Bolivia 2007

The world is not a fair place.

Some have much and others very little. I believe it is our responsibility to help those who are less fortunate. I believe this is God's will. We work on these projects in Bolivia not because we have any particular connection to Bolivia, but rather because that is the door that has been opened for us. We partner with Solidarity Bridge, a Catholic charity under the auspices of the Archdiocese of Chicago which conducts medical, enterprise and educational missions to Bolivia.

Sewing & Weaving Co-Ops

I visited each of the four co-ops whose clothing we import and sell and made suggestions about improving quality, placed new orders, and added new styles. The goal here is to help people earn a living through their work.

Warmis is a co-op of women on the outskirts of Cochabamba who crochet and sew clothing.

Kanchay is the sewing co-op we helped initiate which sews a major part of our Bolivian children's dresses.

Tata Estaban is a vocational training program for graduates of a Catholic school in a town in the mountains which sews clothing for us.

The Weaving Co-op is newly formed and has no name. They are weaving the alpaca shawls which we are selling for them.

I did a day long workshop demonstrating to the co-op's leadership, dyeing and decorating techniques for the clothing styles they produce. The plan is by adding color and artwork to the clothing, they can be more successful in selling to the middle and upper classes in Bolivia. Additionally, it will make the clothing more widely sellable in the USA and Europe.

The goal here is to provide work and therefore income so these families can improve their situation and sort things out themselves.

Pediatric Cardiac Surgery

In 2006 Dharma again paid for surgeries to repair heart problems in six children whose parents were too poor to pay for the surgeries. We do this in partnership with Solidarity Bridge, with a cardiologist, a social worker and the Belga Clinic in Cochabamba. Many of the children would have had no future without our help. For 2007, we will be continuing this program and increasing the number of surgeries. The goal here is just to save little kids' lives.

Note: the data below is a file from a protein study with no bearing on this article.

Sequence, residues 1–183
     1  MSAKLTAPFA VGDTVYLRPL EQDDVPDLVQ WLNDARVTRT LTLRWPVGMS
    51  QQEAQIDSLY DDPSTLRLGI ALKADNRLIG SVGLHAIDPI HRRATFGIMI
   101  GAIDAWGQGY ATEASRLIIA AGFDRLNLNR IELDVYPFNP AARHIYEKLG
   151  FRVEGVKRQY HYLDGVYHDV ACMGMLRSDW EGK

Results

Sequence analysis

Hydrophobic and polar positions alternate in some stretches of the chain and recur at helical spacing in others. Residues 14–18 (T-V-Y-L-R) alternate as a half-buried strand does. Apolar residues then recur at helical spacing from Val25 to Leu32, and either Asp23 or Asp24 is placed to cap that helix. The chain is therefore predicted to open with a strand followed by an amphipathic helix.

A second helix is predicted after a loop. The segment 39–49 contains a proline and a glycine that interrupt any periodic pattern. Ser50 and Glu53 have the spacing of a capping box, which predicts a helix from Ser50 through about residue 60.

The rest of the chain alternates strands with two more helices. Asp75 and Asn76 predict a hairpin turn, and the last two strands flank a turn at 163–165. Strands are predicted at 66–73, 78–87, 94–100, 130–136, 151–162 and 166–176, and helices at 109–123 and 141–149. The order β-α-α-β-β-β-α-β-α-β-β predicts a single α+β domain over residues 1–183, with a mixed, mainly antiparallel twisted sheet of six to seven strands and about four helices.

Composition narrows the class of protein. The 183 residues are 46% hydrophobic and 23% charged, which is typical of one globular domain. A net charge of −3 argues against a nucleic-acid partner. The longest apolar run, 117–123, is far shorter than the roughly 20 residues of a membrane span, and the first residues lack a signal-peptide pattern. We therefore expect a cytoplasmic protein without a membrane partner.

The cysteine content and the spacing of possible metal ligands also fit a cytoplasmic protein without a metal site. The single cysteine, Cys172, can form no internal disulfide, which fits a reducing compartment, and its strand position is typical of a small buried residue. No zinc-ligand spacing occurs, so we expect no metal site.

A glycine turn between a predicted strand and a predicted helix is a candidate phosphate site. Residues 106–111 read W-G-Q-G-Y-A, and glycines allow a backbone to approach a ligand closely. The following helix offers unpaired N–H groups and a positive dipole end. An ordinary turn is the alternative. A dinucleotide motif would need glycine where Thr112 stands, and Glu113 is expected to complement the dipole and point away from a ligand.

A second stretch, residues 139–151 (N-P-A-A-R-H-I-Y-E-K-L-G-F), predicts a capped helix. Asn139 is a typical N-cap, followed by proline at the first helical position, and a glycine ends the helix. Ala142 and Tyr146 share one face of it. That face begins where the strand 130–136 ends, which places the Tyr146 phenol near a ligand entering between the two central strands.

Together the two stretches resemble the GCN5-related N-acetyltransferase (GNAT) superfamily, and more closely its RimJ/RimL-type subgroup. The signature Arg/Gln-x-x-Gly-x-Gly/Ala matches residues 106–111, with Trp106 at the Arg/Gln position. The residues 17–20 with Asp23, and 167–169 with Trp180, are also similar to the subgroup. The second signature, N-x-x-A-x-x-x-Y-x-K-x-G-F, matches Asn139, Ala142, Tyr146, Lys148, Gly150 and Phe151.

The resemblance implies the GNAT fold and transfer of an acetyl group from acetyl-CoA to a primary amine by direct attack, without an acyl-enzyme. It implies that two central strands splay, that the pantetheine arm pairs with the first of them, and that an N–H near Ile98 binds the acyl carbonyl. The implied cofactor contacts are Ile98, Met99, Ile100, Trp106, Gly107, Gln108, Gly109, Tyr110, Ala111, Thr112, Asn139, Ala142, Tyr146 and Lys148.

Children's Vision Program

Last year I tried to initiate a Free Eyeglass program for children. I was not able to make much progress. But now, with the help of Christin Hinojosa of Solidarity Bridge, we seem to be on the verge of starting. The plan for the first year is for Dharma to underwrite the cost of screening about 6000 school children from poor families for vision problems, have an estimated 600 ÔøΩ 1200 examined by an opthamologist, and provide a free pair of eyeglasses to each child who needs them. The goal here is pretty clear, Every child should be able to see the blackboard in class.

What makes these programs possible is the work we all do here each day at Dharma and by our customers who continue to support us.

As for traveling to Bolivia itself, getting there and back is a nightmare. Cars, buses, planes, buses, planes, taxi's. Unfriendly, expensive airlines, Cancelled flights, Delayed flights, lost luggage, impossible connections. A nightmare!

They changed the departure time of the connecting flight from La Paz to Cochabamba so we had to make a 6 1/2 hour bus ride over a 16,000 ft. Andes pass instead of a 40 minute flight. I particularly didn't appreciate the burned out husks of buses like ours with crumpled left fronts which dotted the twisting two lane route through the mountains.

On the other hand, we were invited into the homes several of the Bolivians with whom we work. In one case for a traditional meal cooked in the ground with hot rocks. A lot of work for the host and his family and a neat experience for us.

I had the chance to visit an Alpaca Knitting Co-op begun some 40 or so years ago by a priest. They now have 500 women in the countryside knitting high quality designer alpaca garments and an entire plant processing alpaca from fleece to yarn to finished garments. Very impressive.>

All in all, it was a heck of trip.